Florida First Lady Announces $100 Million Proposal for Florida Academic Cancer Center Alliance

By Patty Kim - December 08, 2021

Florida first lady Casey DeSantis has announced that Gov. Ron DeSantis will recommend $100 million for cancer research and care in his 2022-23 budget, which is an increase of $37 million over prior year funding. She and Florida Surgeon General Dr. Joseph Ladapo held a roundtable discussion Tuesday at Moffitt Cancer Center to share the news.

The money would support three Florida homegrown cancer centers: Moffitt, Sylvester Comprehensive Cancer Center at the University of Miami and the University of Florida Health Cancer Center. The three form the Florida Academic Cancer Center Alliance, which is focused on accelerating innovation in cancer research throughout the state.

"Florida offers some of the best cancer care and research in the nation, and I’m proud that we are proposing historic investments in our leading cancer centers."

- Florida first lady Casey DeSantis

“Florida offers some of the best cancer care and research in the nation, and I’m proud that we are proposing historic investments in our leading cancer centers,” said Casey DeSantis. “The governor and I are committed to helping every cancer patient that we can through innovative research and high-quality care. While we increase this important funding, I also urge Floridians to go through appropriate cancer screenings. Cancer is the second-leading cause of death in our state and now is not the time to delay care. I was honored to join experts in the cancer field today to discuss the urgency of cancer screening and to hear about the incredible innovative solutions our institutes are putting forward.”

Headshot of Dr. Patrick Hwu, president and CEO of Moffitt
Dr. Patrick Hwu, President and CEO of Moffitt

Dr. Patrick Hwu, president and CEO of Moffitt; Center Director Dr. John Cleveland; Dr. Jennifer Permuth, vice chair of research in Gastrointestinal Oncology; and lung cancer oncologist Dr. Michael Shafique shared more about how this vital funding will make an impact.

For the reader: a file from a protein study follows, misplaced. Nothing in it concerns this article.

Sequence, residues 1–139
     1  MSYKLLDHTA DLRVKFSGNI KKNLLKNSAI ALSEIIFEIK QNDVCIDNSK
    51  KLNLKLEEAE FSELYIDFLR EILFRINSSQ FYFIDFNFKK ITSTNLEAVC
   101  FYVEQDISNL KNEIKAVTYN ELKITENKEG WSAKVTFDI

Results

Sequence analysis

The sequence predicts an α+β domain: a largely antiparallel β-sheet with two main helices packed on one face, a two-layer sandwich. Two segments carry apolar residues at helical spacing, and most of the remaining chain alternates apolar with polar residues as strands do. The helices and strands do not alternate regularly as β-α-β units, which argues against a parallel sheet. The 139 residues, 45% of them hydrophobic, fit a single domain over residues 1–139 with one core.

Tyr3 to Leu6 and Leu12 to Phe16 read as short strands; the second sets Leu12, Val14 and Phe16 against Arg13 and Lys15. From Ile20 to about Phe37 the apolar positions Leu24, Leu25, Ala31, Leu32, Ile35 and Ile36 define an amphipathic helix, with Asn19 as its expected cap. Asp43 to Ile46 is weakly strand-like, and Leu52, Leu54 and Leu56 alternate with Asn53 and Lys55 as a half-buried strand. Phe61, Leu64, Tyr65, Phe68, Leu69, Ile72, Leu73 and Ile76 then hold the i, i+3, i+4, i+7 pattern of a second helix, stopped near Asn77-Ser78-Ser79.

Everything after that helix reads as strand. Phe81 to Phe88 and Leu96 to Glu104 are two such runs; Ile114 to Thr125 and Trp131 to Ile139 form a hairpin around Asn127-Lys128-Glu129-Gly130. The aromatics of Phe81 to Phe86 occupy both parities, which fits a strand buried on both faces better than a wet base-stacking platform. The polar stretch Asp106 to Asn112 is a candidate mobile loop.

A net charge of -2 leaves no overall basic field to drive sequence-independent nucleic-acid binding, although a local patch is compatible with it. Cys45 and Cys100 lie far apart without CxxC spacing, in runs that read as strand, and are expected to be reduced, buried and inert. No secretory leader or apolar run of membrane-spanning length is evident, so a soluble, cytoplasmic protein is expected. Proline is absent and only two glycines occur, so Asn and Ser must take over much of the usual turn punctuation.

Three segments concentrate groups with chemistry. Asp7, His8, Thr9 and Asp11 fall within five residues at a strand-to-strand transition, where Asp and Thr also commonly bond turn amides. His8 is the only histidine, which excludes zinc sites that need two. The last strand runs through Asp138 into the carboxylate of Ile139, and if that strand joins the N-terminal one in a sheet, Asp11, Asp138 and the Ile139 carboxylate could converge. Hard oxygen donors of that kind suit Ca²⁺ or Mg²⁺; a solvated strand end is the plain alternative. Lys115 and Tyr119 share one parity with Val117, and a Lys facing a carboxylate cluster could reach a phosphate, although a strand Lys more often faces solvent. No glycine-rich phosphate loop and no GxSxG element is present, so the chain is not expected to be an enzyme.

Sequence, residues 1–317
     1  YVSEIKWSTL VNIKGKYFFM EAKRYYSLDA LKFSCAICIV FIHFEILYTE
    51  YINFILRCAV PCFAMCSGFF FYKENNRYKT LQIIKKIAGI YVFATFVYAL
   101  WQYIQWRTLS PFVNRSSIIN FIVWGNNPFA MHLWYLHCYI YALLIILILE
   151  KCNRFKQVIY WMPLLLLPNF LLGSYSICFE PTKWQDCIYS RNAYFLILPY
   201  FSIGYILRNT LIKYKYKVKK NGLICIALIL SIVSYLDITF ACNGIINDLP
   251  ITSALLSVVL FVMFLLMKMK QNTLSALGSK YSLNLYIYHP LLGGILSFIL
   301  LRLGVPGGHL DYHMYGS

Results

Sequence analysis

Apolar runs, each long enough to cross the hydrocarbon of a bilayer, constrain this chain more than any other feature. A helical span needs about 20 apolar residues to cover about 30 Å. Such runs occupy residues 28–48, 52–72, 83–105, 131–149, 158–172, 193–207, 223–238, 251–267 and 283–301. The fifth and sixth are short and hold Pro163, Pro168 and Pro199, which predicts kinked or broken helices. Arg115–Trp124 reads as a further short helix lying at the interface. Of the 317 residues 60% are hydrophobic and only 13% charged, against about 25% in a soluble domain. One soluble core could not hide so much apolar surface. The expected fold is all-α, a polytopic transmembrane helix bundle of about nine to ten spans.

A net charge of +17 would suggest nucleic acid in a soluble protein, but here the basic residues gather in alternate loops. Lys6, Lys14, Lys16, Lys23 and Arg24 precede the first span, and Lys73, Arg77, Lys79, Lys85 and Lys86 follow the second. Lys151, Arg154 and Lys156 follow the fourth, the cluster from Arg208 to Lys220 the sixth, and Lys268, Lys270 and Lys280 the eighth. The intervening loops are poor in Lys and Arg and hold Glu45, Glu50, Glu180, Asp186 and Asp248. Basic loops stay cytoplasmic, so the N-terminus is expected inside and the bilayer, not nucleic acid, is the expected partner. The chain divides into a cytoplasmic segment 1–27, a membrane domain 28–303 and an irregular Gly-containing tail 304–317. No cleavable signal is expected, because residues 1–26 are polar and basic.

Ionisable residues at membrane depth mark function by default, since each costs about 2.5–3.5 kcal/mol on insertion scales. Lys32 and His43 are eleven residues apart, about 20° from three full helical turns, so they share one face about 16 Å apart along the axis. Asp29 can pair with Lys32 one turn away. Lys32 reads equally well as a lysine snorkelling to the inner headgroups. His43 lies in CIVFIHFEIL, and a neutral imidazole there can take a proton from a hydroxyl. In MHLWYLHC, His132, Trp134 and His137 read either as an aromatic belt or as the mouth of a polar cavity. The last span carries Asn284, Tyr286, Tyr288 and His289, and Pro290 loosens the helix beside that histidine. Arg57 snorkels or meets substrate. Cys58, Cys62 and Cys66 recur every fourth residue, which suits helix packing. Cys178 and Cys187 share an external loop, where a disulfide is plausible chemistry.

“The funding announced today will greatly benefit our three homegrown Florida cancer centers — Moffitt, Sylvester and UF Health — enabling these institutions to recruit the best and brightest from around the globe. It will allow us to bring teams and grant dollars to Florida to better support cutting edge discoveries, research and patient care, and make progress in the prevention and cure of cancer,” said Hwu. “We can’t thank the governor and of course the first lady for all their support in the fight against cancer.”

Headshot of Center Director Dr. John Cleveland
Dr. John Cleveland, Center Director of Moffitt

This kind of support is needed to perform cutting edge research and eventually find cures, said Cleveland.

What sets Moffitt apart is our ability to translate these findings into the clinic and become the new standard of care. Moffitt has been instrumental in leading nearly 30 trials that have led to FDA approvals, changing the standard of care,” Cleveland said. “This translates into more birthdays and seeing the grandkids. This is also a recruiting hook for the best faculty.”

Headshot of Dr. Jennifer Permuth
Dr. Jennifer Permuth, Vice Chair of Research in Gastrointestinal Oncology

For Permuth, funds from the state were instrumental in her collaboration with UF and Sylvester on studying early detection and prevention efforts for pancreatic cancer. This effort has been expanded to tackle health disparities related to the disease at 15 institutions and community partners throughout Florida.

The announcement “is near and dear to my heart,” said Casey DeSantis, who shared her own breast cancer diagnosis in October. “I thought, this could never happen to me. But it can happen to anybody,” she said. Although she didn’t feel a lump, she felt like something was wrong and went to her OB-GYN, who said everything was fine. But that nagging feeling persisted, and she got a mammogram, which is how she found her breast cancer.

She knows firsthand that early detection saves lives, and her message is simple: Get preventive screenings when you can as early as you can because it can save your life.

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